It's not easy to tell from the European press where NATO is heading on Kosovo. There seems to be a consensus around Joseph Fitchett's statement in the lead story in Monday's International Herald Tribune of Paris that June 18, the date of a summit between the G-7 countries and Russia, is a "make-or-break date for the air war to produce a political solution." If no breakthrough occurs by then, Fitchett explained, NATO will have to choose between ground action and an admission that President Slobodan Milosevic has won, because NATO's central war aim of getting the Kosovar refugees home will have become unachievable. But beyond that, there is no clarity on who stands where on what, especially on the controversial issue of ground troops.
The Independent of London led Monday, for example, on an agreement between the United States and Britain to use ground troops "to drive the remaining Serb forces from Kosovo" in either a "permissive" or "non-permissive" environment. NATO is "ready to go in fighting," it said. And the Times, in its lead story reporting a doubling of NATO's land force in Macedonia, said that British Foreign Secretary Robin Cook has "secured America's backing for the forces to enter Kosovo without Belgrade's approval as soon as the Serb army begins withdrawing."
However the Daily Telegraph, leading on the same thing, reported "a difference between Washington and London about whether troops could be sent into Kosovo without Belgrade's agreement." It quoted Madeleine Albright as contradicting Cook's "significant" statement that the troops are being prepared for deployment into a "non-permissive environment." She was quoted as saying, "Those troops are going to go in a permissive way." Under the headline "Britain and US clash again on when to send in troops," the tabloid Daily Mail said Albright had "flatly contradicted" Cook. In an editorial, the Independent presented the agreed build-up of ground troops as a triumph for British Prime Minister Tony Blair after his "surprising and apparently reckless absolutism in his conduct of the war" by ruling out any "exit strategy" except total victory. "Even when President Clinton and Chancellor Schröder were at their most flaky last week, he blithely insisted there could be no compromise and that all options, including the use of land forces, remained open," it said. Now he has what he wanted.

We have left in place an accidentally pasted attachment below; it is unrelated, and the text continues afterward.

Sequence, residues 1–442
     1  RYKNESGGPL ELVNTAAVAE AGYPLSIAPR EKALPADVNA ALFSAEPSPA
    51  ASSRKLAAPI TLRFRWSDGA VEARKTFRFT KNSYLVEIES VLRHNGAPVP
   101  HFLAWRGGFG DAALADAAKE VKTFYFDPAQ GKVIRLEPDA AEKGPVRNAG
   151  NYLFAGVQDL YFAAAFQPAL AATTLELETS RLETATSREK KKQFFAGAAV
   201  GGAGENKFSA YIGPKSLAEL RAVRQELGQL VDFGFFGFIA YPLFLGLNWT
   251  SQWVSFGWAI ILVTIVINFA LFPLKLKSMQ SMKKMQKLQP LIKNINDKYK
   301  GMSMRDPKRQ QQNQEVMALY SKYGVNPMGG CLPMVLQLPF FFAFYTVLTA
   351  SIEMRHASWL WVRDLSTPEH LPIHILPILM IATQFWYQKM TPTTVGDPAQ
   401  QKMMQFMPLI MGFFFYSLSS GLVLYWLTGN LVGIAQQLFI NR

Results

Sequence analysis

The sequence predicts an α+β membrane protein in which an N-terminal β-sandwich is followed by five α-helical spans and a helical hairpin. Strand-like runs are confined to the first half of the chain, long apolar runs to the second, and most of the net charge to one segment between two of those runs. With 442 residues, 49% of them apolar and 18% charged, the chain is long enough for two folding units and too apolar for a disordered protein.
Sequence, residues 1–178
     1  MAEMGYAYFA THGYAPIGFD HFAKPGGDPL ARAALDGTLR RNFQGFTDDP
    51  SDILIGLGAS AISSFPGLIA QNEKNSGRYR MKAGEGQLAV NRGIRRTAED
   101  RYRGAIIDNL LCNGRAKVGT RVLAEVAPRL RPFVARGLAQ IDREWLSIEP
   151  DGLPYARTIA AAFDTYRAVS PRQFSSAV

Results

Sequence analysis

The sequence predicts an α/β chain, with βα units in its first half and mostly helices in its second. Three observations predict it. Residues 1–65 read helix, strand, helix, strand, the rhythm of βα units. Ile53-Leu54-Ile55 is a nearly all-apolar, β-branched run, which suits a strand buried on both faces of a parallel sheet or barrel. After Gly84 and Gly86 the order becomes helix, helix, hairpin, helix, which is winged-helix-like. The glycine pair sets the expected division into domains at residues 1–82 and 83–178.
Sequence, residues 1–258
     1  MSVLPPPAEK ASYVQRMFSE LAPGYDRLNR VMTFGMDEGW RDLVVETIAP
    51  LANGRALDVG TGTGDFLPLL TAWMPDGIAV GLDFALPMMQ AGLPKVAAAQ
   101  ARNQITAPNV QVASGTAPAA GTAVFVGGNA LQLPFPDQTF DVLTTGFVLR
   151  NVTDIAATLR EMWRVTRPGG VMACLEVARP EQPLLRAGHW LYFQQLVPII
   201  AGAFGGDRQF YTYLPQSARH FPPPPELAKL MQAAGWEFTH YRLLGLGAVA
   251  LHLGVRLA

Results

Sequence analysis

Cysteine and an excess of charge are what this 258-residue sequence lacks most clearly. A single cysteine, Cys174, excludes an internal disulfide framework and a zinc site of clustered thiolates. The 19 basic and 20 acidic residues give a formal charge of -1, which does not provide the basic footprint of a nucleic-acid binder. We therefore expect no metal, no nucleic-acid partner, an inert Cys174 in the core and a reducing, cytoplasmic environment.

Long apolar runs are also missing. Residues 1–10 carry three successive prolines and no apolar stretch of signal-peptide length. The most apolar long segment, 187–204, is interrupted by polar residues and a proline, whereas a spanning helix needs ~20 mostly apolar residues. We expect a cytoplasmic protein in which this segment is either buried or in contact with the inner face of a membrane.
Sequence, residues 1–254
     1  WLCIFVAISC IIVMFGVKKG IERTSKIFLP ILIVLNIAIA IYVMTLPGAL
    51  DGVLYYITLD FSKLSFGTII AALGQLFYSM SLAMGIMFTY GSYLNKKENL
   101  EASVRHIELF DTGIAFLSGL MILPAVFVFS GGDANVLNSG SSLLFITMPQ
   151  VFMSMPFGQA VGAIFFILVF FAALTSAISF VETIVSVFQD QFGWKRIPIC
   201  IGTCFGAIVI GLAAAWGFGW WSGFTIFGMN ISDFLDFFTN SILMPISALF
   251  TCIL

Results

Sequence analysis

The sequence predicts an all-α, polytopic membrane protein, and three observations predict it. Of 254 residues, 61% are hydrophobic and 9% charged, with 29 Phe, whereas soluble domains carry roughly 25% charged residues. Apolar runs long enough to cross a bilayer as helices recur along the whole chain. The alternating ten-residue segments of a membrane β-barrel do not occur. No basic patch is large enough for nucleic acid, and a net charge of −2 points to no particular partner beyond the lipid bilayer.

A Times of London editorial described Al Gore as a casualty of the war. It said it has made his "essential task" of putting some distance between himself and Clinton much harder. "Mr. Gore cannot do anything other than support the President's conduct of the conflict," it explained. "He is therefore tied to an enterprise that has, so far, reflected Mr. Clinton's political weaknesses. He has never felt comfortable with his role as Commander-in-Chief, and neither has his electorate." In Paris, Libération led on Clinton's statement Sunday in the New York Times that he is continuing with the airstrikes but not ruling out "other options." It called this "a semi-threat of ground intervention." Le Figaro highlighted a NATO spokesman's remark that the 19 countries of the alliance are "99 per cent totally agreed" on their Kosovo strategy, although Germany, Italy, and Greece are among countries that last week declared their firm opposition to the use of ground troops. Le Figaro led on NATO's supposed satisfaction with its achievements so far--14,000 bombs having destroyed a third of Serbia's heavy weaponry and 100 of its airplanes.
The Asian Age of India led Monday with a report that a "fascist clique" is responsible for a plot to assassinate Sonia Gandhi, the Italian-born widow of former Indian Prime Minister Rajiv Gandhi, who was himself assassinated. A delegation of the Congress Party, of which Sonia Gandhi was president until she recently resigned in a huff when her "foreign birth" was criticized, warned Indian Prime Minister Atal Bihari Vajpayee that the same "clique" that murdered Mahatma Gandhi more than 51 years ago was behind it. The paper said the prime minister has already been warned of "certain plots" against Sonia Gandhi by the Indian intelligence agencies and has increased the security around her. The Daily Telegraph ran an interview with former Pakistani Prime Minister Benazir Bhutto in which she said that she too feared she would be murdered and had therefore decided to stay in Britain rather than return to Pakistan to fight a conviction for corruption.